Projection technology typically places several constraints on the geometric relationship between the projector and the projection surface to obtain an undistorted, properly sized image. In this paper we describe a simple, robust, fast, and low-cost method for automatic projector calibration that eliminates many of these constraints. We embed light sensors in the target surface, project Gray-coded binary patterns to discover the sensor locations, and then prewarp the image to accurately fit the physical features of the projection surface. This technique can be expanded to automatically stitch multiple projectors, calibrate onto non-planar surfaces for object decoration, and provide a method for simple geometry acquisition.

© All rights reserved Lee et al. and/or ACM Press

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Lee, Johnny C., Avrahami, Daniel, Hudson, Scott E., Forlizzi, Jodi, Dietz, Paul H. and Leigh, Darren (2004): The calder toolkit: wired and wireless components for rapidly prototyping interactive devices. In: Proceedings of DIS04: Designing Interactive Systems: Processes, Practices, Methods, & Techniques 2004. pp. 167-175.

Toolkits and other tools have dramatically reduced the time and technical expertise needed to design and implement graphical user interfaces (GUIs) allowing high-quality, iterative, user-centered design to become a common practice. Unfortunately the generation of functioning prototypes for physical interactive devices as not had similar support -- it still requires substantial time and effort by individuals with highly specialized skills and tools. This creates a divide between a designers' ability to explore form and interactivity of product designs and the ability to iterate on the basis of high fidelity interactive experiences with a functioning prototype. To help overcome this difficulty we have developed the Calder hardware toolkit. Calder is a development environment for rapidly exploring and prototyping functional physical interactive devices. Calder provides a set of reusable small input and output components, and integration into existing interface prototyping environments. These components communicate with a computer using wired and wireless connections. Calder is a tool targeted toward product and interaction designers to aid them in their early design process. In this paper we describe the process of gaining an understanding of the needs and workflow habits of our target users to generate a collection of requirements for such a toolkit. We describe technical challenges imposed by these needs, and the specifics of design and implementation of the toolkit to meet these challenges.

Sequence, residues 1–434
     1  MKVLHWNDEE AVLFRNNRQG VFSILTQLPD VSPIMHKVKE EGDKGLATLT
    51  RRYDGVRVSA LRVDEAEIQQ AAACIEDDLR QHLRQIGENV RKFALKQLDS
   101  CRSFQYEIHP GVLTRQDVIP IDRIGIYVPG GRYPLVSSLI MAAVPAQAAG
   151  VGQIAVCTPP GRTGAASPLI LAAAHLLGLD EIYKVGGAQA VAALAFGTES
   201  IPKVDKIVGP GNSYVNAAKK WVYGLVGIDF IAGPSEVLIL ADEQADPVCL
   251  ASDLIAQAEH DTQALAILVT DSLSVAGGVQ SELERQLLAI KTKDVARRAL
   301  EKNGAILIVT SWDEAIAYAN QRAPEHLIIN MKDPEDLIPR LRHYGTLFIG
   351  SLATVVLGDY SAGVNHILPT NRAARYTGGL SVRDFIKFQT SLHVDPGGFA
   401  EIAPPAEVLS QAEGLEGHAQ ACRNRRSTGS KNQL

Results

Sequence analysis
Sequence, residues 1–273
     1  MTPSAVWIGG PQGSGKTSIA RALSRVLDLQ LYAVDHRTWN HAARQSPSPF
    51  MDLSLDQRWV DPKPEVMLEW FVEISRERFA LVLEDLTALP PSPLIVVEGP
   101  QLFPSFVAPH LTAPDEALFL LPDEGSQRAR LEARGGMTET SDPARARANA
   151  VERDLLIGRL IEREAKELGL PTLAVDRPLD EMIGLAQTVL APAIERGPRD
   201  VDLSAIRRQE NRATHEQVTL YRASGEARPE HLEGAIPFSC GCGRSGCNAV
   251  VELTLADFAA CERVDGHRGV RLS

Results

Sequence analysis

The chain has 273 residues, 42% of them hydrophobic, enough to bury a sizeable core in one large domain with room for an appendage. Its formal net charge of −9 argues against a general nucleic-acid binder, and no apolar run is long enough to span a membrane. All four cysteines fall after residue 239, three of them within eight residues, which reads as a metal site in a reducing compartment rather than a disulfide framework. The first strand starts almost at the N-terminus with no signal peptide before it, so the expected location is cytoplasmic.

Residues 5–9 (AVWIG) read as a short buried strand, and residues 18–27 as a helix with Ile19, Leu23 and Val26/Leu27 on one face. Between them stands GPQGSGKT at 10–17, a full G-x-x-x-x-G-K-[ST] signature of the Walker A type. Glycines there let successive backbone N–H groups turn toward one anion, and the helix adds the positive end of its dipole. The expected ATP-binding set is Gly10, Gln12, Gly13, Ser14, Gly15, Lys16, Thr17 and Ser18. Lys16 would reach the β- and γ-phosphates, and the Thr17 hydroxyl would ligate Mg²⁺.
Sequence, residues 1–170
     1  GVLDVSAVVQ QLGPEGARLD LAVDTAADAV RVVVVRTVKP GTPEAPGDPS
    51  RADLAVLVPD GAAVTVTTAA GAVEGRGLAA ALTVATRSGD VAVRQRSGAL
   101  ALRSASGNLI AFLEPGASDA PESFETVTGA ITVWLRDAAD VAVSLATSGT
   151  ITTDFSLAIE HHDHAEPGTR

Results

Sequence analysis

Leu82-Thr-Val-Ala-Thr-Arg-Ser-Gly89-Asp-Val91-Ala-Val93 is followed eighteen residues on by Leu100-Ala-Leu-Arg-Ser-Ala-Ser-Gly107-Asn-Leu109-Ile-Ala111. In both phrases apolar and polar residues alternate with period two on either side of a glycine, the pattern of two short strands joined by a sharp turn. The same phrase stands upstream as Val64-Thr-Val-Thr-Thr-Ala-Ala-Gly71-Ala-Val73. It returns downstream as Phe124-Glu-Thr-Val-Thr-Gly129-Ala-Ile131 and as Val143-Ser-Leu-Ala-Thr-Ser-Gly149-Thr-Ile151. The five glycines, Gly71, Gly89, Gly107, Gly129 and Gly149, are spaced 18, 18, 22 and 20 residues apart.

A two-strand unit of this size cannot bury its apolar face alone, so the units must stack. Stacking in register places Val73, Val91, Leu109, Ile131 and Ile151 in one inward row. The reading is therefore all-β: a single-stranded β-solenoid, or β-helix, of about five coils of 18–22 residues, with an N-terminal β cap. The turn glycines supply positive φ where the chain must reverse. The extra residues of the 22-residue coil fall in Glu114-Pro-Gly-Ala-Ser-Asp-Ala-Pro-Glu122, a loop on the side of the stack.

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Dietz, Paul H., Raskar, Ramesh, Booth, Shane, Baar, Jeroen van, Wittenburg, Kent and Knep, Brian (2004): Multi-projectors and implicit interaction in persuasive public displays. In: Costabile, Maria Francesca (ed.) AVI 2004 - Proceedings of the working conference on Advanced visual interfaces May 25-28, 2004, Gallipoli, Italy. pp. 209-217.

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Dietz, Paul H., Yerazunis, William S. and Leigh, Darren (2003): Very Low-Cost Sensing and Communication Using Bidirectional LEDs. In: Dey, Anind K., Schmidt, Albrecht and McCarthy, Joseph F. (eds.) UbiComp 2003 Ubiquitous Computing - 5th International Conference October 12-15, 2003, Seattle, WA, USA. pp. 175-191.

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Dietz, Paul H. and Yerazunis, William S. (2001): Real-time audio buffering for telephone applications. In: Marks, Joe and Mynatt, Elizabeth D. (eds.) Proceedings of the 14th annual ACM symposium on User interface software and technology November 11 - 14, 2001, Orlando, Florida. pp. 193-194.

A system that uses an ear proximity sensor to actively manage periods of distraction during telephone conversations is described. We detect when the phone is removed from the ear, record any incoming audio, and play it back when the phone is returned to the ear. By dropping silent intervals and speeding up playback with a pitch-preserving algorithm, we quickly return to real-time without the loss of information. This real-time audio buffering technique also allows us to create a user-activated, lossless instant replay function.

© All rights reserved Dietz and Yerazunis and/or ACM Press